Here’s a letter to a new correspondent:
Thanks for your e-mail.
I share your fear of vaccine passports, as well as your hope that businesses in jurisdictions without passport mandates will not require customers and employees to show such passports. I cannot, however, agree that businesses and other private organizations not be allowed to choose to require customers and employees to show such such passports.
You’re correct that fear of Covid is far out of proportion to its true risks. You’re correct also that pundits and politicians will continue to stir up Covid hysteria such that many businesses will feel they have no choice but to require the presentation of vaccine passports. But such is the troubled world we live in. As a practical matter, if public attitudes are such as to demand the presentation of such passports, it’s futile to expect governments to prohibit businesses from requiring such presentation.
Gov. Ron DeSantis is able to impose – inappropriately, in my view – such a prohibition on businesses in that state precisely because Floridians’ fear of Covid and, hence, their demand for vaccine passports are sufficiently weak as to cause him no serious political trouble for this prohibition. Yet, ironically, this fact means that, absent this prohibition, while some businesses in Florida would require the presentation of passports, not all would. People would be free to choose.
While it’s always very dangerous to call upon the state to ramp up its restrictions on property, contract, and commerce rights, this danger is especially high in times such as these when the state is already abusing its powers unprecedentedly.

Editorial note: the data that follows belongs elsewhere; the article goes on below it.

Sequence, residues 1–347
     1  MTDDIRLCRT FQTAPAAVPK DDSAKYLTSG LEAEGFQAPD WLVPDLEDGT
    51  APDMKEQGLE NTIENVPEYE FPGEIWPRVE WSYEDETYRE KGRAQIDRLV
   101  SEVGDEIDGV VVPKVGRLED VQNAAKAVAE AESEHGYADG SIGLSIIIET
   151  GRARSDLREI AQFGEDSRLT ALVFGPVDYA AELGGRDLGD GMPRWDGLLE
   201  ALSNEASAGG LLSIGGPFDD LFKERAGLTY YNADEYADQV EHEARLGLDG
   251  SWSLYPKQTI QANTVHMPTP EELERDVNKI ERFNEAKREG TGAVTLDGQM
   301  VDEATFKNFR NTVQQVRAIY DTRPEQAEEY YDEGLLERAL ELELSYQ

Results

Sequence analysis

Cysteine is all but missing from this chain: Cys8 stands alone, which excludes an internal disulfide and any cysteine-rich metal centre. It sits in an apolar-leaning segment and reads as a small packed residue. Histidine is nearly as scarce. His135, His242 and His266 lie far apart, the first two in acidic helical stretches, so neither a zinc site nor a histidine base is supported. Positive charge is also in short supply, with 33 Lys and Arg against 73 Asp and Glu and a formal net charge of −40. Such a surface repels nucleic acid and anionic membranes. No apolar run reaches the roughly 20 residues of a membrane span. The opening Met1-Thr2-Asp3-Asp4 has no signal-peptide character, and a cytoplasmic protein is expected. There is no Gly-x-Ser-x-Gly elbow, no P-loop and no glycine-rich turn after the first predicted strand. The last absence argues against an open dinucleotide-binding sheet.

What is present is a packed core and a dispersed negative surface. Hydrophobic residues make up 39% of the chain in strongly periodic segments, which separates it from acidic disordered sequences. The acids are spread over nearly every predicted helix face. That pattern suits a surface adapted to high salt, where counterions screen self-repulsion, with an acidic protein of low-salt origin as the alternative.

I would be justly accused of hypocrisy if, with one breath, I criticize – as I do – government for restricting businesses’, workers’, and consumers’ freedom to deal with each other as they choose according to their own preferences, whatever these might be, and then with the next breath call upon government to restrict businesses’, workers’, and consumers’ freedom to deal with each other according to their own preferences, whatever these might be.
That I intensely prefer my fellow citizens not to have a preference for patronizing businesses that require the presentation of vaccine passports doesn’t come close to being a sufficient condition for me to call upon the state to prevent businesses from catering to my fellow-citizens’ preferences. This conclusion is not changed one iota by the fact that this popular preference for the use of vaccine passports is one that I believe is both misguided and pumped-up by the absurd biases of the media and political elites.
Donald J. Boudreaux
Professor of Economics
Martha and Nelson Getchell Chair for the Study of Free Market Capitalism at the Mercatus Center
George Mason University
Fairfax, VA 22030